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Nevada Passes Modest Measures to Curb Prosecutorial Misconduct

Lobbying by prosecutors and police guts law that would have punished prosecutors who didn’t share evidence with defense. Debate cited case of Fred Steese, subject of ProPublica and Vanity Fair story.

Fred Steese was wrongfully convicted of murder, then declared innocent more than 20 years later. (Dan Winters for Vanity Fair)

Two Nevada laws designed to counter bad behavior by state prosecutors, or at least give some defendants the ability to undo troubling plea agreements, passed last week, although one was substantially gutted under pressure from prosecutors and police.

The legislative debate over both laws mentioned the case of Fred Steese, a drifter wrongfully convicted of murder, then declared innocent more than 20 years later by a judge after exculpatory evidence was found in the prosecution’s files. The prosecution then pressured Steese to agree to a controversial deal called an Alford plea that allowed him to say he was innocent and go free as long as he pleaded guilty.

Steese’s case — and the pattern of misbehavior by lead prosecutor Bill Kephart — were the subject of stories by ProPublica and Vanity Fair last week.

The bill that passed after being substantially watered down was AB376. If passed as originally drafted, it could have exacted penalties for the sort of misconduct that led to Steese’s conviction. It would have required prosecutors to share evidence with the defense 30 days prior to trial or risk exclusion, broadened the scope of favorable evidence they are required to share and mandated that courts dismiss charges when prosecutors showed bad faith in failing to turn evidence over.

Much of the draft law simply reinforced major U.S. Supreme Court constitutional rulings — such as Brady vs. Maryland — which apply nationwide and hold that turning over evidence favorable to the defense is a matter of civil rights and failing to do so violates a person’s right to due process. The Nevada law would have made penalties more uniform and a matter of course.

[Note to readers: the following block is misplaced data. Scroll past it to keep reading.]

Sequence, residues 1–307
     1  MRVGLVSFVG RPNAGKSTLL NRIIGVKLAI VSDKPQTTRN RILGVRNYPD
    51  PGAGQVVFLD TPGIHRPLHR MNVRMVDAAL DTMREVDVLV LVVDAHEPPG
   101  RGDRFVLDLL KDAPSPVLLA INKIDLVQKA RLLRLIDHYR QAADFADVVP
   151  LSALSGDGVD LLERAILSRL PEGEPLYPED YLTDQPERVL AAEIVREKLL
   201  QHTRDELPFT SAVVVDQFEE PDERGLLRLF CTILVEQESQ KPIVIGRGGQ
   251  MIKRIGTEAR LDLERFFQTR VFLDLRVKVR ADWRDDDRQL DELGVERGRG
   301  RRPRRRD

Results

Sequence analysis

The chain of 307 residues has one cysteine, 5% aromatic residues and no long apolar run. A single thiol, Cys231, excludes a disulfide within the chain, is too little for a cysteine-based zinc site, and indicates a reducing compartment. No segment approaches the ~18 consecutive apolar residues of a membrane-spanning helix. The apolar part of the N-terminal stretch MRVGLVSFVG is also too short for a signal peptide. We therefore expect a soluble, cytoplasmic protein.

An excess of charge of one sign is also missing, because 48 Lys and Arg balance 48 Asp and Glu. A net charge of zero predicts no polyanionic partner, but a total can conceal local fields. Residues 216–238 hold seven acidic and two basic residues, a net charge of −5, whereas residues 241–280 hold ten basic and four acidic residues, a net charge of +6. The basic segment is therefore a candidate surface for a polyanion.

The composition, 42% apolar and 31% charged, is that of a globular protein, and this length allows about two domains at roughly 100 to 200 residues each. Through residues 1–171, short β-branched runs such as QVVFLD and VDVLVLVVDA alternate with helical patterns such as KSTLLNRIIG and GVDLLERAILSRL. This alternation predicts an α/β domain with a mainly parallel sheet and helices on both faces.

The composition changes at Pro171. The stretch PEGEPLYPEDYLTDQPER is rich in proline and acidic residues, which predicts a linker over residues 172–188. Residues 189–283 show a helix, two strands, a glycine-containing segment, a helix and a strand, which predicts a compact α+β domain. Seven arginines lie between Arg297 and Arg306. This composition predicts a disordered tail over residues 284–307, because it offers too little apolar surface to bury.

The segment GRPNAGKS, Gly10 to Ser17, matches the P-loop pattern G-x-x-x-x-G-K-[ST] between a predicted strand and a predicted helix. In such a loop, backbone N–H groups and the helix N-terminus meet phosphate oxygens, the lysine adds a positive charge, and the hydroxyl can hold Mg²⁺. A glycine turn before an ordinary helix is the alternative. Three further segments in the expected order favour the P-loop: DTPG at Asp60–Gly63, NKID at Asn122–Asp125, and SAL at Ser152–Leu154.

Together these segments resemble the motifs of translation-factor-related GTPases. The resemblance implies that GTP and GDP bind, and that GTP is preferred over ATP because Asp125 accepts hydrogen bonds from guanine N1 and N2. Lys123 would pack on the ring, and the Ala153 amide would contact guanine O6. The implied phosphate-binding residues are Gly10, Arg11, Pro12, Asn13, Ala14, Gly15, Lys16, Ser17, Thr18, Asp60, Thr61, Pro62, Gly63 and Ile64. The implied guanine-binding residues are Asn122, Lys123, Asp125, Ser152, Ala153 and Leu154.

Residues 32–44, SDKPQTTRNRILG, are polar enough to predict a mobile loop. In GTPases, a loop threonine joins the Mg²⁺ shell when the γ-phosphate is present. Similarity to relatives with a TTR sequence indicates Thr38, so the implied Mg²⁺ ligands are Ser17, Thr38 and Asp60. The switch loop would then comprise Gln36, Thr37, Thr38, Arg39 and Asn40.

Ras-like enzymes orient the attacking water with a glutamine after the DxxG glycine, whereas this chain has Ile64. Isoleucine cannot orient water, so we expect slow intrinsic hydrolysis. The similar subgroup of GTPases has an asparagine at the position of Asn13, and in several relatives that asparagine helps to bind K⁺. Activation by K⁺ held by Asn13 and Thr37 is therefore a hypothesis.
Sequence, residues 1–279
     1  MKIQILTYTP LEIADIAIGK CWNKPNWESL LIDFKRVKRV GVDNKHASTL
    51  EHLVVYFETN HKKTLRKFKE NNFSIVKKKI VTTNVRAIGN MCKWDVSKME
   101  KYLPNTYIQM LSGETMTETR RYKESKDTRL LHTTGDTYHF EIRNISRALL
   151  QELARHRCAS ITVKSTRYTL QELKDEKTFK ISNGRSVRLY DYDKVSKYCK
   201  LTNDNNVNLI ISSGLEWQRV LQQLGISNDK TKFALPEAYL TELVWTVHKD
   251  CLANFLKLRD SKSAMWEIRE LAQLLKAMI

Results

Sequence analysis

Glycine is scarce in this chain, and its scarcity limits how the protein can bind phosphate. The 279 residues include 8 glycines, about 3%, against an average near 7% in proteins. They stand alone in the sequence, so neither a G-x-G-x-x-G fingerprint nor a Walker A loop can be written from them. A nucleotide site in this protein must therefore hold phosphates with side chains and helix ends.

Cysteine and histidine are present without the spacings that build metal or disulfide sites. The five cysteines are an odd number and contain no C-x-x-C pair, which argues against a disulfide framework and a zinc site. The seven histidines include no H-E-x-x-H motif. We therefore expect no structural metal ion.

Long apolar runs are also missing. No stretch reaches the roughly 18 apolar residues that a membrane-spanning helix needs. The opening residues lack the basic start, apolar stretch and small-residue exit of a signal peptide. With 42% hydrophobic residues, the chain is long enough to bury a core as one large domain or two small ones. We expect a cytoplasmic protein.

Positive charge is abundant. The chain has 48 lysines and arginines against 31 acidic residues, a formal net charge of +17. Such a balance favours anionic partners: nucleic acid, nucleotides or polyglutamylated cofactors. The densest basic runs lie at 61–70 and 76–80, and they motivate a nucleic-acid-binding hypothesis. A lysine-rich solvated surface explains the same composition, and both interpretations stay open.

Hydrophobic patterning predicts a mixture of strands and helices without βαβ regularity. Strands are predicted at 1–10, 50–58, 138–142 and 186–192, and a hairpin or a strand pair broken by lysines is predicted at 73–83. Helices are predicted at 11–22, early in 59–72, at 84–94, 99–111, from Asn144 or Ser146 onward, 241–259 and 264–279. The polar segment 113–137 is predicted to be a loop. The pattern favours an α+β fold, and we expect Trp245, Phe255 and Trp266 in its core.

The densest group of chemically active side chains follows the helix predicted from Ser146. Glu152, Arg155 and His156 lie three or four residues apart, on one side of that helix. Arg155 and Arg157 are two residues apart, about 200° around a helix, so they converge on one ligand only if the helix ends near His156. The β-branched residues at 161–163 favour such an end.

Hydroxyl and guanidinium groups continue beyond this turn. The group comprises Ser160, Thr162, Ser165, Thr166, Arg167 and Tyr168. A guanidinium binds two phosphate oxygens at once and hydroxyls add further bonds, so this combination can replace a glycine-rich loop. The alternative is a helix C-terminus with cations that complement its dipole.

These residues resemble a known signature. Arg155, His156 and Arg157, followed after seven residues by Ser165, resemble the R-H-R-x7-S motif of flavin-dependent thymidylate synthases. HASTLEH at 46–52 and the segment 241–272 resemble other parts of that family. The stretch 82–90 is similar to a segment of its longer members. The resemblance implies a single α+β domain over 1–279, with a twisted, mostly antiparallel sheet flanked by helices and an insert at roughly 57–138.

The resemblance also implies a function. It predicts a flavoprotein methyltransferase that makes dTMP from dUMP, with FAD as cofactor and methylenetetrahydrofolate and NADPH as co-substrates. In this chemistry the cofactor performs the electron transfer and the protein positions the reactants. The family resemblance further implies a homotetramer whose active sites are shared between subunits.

Supporters of the legislation, including the Clark County Public Defender’s office, said preventing wrongful convictions like Steese’s was one of the goals of the proposed law.

But Christopher Lalli, a top assistant with the Clark County District Attorney’s office, argued at an April hearing that the bill was “unreasonable” and a “radical change” that would “unduly burden prosecutors.” When an assemblywoman asked him what ramifications the prosecutors faced in Steese’s case, Lalli responded, “Ramifications for what?”

Lalli, who is on the disciplinary board for the State Bar of Nevada, said he was “very involved” in the Steese case and claimed “there was no exculpatory evidence withheld.”

Without mentioning that a judge had granted Steese a rare order of “actual innocence”’ or that the prosecutors’ office responded by pressuring Steese to take an Alford plea or face a retrial, Lalli noted that Steese had pled guilty to second-degree murder charges — “hardly something that would be done by somebody who was actually innocent.”

Following the hearing, only a small portion of the bill survived — a requirement that prosecutors press charges within 72 hours against defendants in custody.

Lisa Rasmussen, a director for Nevada Attorneys for Criminal Justice, said prosecutors’ failures to share evidence with the defense have been an ongoing problem in the state and it was “really depressing we could not get more reform this [legislative] session.”

But a second bill, inspired by Steese’s case and others like it, received a more favorable reception.

Rasmussen said she realized the raw deal Steese had gotten in 2013 and tried to help him withdraw his Alford plea so that he could sue for wrongful conviction. But Nevada law didn’t allow him to take back his plea. Last week, Nevada’s governor, with the support of prosecutors in the state, signed a new law that allowed certain defendants to undo plea agreements. The law, however, comes too late to help Steese, Rasmussen said.

“What happened to Fred makes me so mad,” she said. “We’re filing an application for a pardon.”

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Portrait of Megan Rose

Megan Rose

Megan Rose is a reporter at ProPublica. She has investigated criminal justice and the military for ProPublica since 2013.

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